April 13, 2024

The front-runner has lost 13 rounds of ballots over four days despite his Republicans holding a majority of seats in the lower chamber of Congress.

Fifteen of 20 or so holdouts changed their vote on Friday to back him, but six diehard dissidents remain.

The House reconvenes on Friday night.

After the 13th vote, as the lower chamber of Congress adjourned until 22:00EST (03:00 GMT), Mr McCarthy told reporters: “I’ll have the votes.”

In a remarkable turnaround on the 12th round of voting, Mr McCarthy was able to persuade 14 Republican holdouts to cast their vote for him. A 15th rebel followed suit for the 13th ballot.

But the California congressman was still three votes short of the 217 he needed to take the prized gavel.

The dissidents included members of the House Freedom Caucus, who argue that Mr McCarthy is not conservative enough to lead them as they work to stymie Democratic President Joe Biden’s agenda.

Congressman Scott Perry of Pennsylvania said on Twitter he was switching to support Mr McCarthy after voting 11 times against him.

“We’re at a turning point,” he said.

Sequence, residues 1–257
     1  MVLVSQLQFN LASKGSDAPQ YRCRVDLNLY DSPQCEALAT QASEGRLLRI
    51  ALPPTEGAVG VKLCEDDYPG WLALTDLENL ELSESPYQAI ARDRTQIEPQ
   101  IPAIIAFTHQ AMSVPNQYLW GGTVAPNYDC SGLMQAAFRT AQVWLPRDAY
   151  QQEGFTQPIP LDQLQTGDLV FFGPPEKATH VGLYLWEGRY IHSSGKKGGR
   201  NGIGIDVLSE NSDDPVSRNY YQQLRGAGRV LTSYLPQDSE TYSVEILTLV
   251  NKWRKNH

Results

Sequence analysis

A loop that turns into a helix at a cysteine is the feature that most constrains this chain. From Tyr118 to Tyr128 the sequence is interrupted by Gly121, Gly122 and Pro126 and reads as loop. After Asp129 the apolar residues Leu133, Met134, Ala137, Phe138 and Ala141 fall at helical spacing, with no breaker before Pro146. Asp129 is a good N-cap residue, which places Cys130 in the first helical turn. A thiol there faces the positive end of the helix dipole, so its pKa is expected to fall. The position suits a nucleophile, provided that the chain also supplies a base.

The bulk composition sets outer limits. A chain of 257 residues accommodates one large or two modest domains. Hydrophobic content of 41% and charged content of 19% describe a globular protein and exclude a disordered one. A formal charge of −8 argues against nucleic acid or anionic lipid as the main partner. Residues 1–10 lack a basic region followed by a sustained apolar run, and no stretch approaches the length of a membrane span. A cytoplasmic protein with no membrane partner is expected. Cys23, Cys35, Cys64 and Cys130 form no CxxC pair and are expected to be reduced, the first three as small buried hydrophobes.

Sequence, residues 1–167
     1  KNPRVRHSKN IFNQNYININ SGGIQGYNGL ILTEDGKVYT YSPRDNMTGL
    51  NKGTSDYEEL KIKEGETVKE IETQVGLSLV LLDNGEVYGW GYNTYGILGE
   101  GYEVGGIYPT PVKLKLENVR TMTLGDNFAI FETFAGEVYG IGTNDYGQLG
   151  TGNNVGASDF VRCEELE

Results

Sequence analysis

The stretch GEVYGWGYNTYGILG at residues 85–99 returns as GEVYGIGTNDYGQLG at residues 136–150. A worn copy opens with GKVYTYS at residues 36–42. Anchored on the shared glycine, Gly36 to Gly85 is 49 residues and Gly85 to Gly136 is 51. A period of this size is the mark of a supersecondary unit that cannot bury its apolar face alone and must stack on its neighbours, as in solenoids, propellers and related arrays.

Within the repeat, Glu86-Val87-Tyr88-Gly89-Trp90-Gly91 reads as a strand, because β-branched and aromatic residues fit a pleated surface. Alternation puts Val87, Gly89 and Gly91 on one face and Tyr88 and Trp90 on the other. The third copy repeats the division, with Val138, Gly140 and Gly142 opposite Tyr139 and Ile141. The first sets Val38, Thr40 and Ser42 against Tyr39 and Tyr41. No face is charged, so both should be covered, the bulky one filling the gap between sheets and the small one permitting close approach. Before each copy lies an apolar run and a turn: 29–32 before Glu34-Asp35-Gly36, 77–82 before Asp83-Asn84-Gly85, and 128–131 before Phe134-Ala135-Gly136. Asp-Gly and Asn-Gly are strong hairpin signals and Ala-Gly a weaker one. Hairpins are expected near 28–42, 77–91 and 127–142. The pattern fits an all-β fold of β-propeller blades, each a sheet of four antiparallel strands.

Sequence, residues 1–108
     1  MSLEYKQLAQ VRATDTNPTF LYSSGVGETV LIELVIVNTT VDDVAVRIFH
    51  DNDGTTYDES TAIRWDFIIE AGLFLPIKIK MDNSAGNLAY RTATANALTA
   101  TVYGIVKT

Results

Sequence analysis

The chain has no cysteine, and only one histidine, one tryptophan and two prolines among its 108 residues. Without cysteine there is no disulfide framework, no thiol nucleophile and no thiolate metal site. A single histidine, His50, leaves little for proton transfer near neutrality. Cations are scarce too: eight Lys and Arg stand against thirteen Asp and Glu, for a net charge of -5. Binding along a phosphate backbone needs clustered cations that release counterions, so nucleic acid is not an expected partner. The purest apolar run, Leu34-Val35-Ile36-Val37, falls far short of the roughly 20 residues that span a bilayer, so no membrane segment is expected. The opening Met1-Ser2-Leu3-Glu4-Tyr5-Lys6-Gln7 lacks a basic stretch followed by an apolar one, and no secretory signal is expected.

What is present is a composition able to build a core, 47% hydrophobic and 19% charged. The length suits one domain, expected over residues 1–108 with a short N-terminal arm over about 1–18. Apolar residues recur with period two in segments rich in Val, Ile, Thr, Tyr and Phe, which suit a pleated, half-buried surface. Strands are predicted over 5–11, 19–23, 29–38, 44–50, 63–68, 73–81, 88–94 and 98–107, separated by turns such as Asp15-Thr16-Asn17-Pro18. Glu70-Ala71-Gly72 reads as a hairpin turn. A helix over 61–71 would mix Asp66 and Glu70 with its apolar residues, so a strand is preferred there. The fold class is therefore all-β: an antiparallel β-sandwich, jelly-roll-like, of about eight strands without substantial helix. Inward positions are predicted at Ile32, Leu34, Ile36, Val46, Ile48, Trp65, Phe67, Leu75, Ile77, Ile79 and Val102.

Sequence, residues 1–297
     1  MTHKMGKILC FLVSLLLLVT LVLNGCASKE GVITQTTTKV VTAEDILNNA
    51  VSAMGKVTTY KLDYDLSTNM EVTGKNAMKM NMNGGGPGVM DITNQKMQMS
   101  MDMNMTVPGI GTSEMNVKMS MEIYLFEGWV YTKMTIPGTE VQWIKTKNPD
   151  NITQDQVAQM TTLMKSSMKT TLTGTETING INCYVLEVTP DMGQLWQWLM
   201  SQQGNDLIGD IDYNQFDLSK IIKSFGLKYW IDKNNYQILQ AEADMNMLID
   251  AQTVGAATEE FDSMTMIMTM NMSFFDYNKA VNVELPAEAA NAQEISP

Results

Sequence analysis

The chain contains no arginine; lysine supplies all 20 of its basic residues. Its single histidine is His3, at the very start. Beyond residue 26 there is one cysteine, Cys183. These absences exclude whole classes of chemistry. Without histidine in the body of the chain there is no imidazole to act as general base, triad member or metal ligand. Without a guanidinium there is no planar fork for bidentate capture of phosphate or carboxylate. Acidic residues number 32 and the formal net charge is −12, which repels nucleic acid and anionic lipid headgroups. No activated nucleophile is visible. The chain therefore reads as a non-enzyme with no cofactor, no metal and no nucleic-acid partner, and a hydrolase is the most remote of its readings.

Two Republicans who missed votes earlier on Friday were flying back to Washington DC to cast their ballots for Mr McCarthy.

Mr McCarthy has offered various concessions to the rebels, including a seat on the influential rules committee, which sets the terms for debate on legislation in the chamber.

He also agreed to lower the threshold for triggering a vote on whether to unseat the Speaker, to only one House member, leading to the possibility that the Republican coalition could easily fracture again even after Mr McCarthy’s potential victory.

Meanwhile, the minority Democrats continued to vote in unison for their leader, New York’s Hakeem Jeffries, the first black person ever to lead a party in Congress.

But it is highly unlikely he could win over any Republican defectors to garner the simple majority of votes in the 435-seat chamber needed to become Speaker.

Friday was the first day that Mr McCarthy’s vote count actually surpassed that of Mr Jeffries.

Not since 1860, when the United States’ union was fraying over the issue of slavery, has the lower chamber of Congress voted this many times to pick a speaker. Back then it took 44 rounds of ballots.

The Speaker of the House is second in line to the presidency after Vice-President Kamala Harris. They set the agenda in the House, and no legislative business can be conducted there without them.

In November’s midterm elections, Republicans won the House by a weaker-than-expected margin of 222 to 212. Democrats retained control of the Senate.

 

Source By Max Matza
BBC News

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